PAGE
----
Google Custom SearchThis is feature allows you to search the site. (Privacy Policy)
    Google MapsSome articles have Google Maps embedded in them. (Privacy Policy)
    Google ChartsThis is used to display charts and graphs on articles and the author center. (Privacy Policy)
    Google AdSense Host APIThis service allows you to sign up for or associate a Google AdSense account with HubPages, so that you can earn money from ads on your articles. No data is shared unless you engage with this feature. (Privacy Policy)
    Google YouTubeSome articles have YouTube videos embedded in them. (Privacy Policy)
    VimeoSome articles have Vimeo videos embedded in them. (Privacy Policy)
    PaypalThis is used for a registered author who enrolls in the HubPages Earnings program and requests to be paid via PayPal. No data is shared with Paypal unless you engage with this feature. (Privacy Policy)
    Facebook LoginYou can use this to streamline signing up for, or signing in to your Hubpages account. No data is shared with Facebook unless you engage with this feature. (Privacy Policy)
    MavenThis supports the Maven widget and search functionality. (Privacy Policy)
    Google AdSenseThis is an ad network. (Privacy Policy)
    Google DoubleClickGoogle provides ad serving technology and runs an ad network. (Privacy Policy)
    Index ExchangeThis is an ad network. (Privacy Policy)
    SovrnThis is an ad network. (Privacy Policy)
    Facebook AdsThis is an ad network. (Privacy Policy)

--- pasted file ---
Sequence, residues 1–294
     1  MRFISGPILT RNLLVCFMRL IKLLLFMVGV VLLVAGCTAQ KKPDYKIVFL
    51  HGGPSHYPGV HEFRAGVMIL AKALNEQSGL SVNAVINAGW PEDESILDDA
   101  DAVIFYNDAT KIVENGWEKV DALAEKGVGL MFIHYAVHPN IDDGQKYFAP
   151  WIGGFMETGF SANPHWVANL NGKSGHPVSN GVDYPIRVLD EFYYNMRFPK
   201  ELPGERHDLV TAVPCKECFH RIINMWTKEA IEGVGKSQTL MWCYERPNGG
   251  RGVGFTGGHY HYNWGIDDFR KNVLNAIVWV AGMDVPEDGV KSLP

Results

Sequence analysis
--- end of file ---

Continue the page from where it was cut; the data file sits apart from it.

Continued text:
Amazon Unified Ad MarketplaceThis is an ad network. (Privacy Policy)
    AppNexusThis is an ad network. (Privacy Policy)
    OpenxThis is an ad network. (Privacy Policy)
    Rubicon ProjectThis is an ad network. (Privacy Policy)
    TripleLiftThis is an ad network. (Privacy Policy)
    Say MediaWe partner with Say Media to deliver ad campaigns on our sites. (Privacy Policy)
    Remarketing PixelsWe may use remarketing pixels from advertising networks such as Google AdWords, Bing Ads, and Facebook in order to advertise the HubPages Service to people that have visited our sites.
    Conversion Tracking PixelsWe may use conversion tracking pixels from advertising networks such as Google AdWords, Bing Ads, and Facebook in order to identify when an advertisement has successfully resulted in the desired action, such as signing up for the HubPages Service or publishing an article on the HubPages Service.
    Author Google AnalyticsThis is used to provide traffic data and reports to the authors of articles on the HubPages Service. (Privacy Policy)
    ComscoreComScore is a media measurement and analytics company providing marketing data and analytics to enterprises, media and advertising agencies, and publishers. Non-consent will result in ComScore only processing obfuscated personal data. (Privacy Policy)
    Amazon Tracking PixelSome articles display amazon products as part of the Amazon Affiliate program, this pixel provides traffic statistics for those products (Privacy Policy)
    ClickscoThis is a data management platform studying reader behavior (Privacy Policy)